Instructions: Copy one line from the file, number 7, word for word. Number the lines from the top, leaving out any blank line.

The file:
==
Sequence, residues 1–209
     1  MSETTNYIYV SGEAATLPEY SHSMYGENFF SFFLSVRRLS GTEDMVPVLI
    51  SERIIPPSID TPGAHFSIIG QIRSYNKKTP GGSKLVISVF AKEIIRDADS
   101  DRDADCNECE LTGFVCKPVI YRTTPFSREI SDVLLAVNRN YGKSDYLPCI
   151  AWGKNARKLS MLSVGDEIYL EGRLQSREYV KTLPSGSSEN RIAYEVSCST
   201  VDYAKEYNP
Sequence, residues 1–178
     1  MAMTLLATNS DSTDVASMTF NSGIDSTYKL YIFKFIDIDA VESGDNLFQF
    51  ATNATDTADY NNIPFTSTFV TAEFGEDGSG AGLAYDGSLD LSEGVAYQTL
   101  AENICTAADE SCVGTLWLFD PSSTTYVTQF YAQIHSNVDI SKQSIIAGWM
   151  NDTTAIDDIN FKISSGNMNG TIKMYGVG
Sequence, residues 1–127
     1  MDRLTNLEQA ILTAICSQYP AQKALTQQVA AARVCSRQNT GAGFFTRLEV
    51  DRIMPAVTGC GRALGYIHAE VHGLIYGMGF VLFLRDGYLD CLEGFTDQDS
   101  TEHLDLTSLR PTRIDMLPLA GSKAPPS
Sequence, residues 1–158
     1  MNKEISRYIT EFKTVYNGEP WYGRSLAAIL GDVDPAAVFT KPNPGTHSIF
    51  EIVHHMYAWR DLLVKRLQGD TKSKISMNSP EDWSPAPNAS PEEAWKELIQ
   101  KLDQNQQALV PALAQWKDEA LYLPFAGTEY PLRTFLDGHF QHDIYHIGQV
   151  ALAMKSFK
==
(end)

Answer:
Sequence, residues 1–178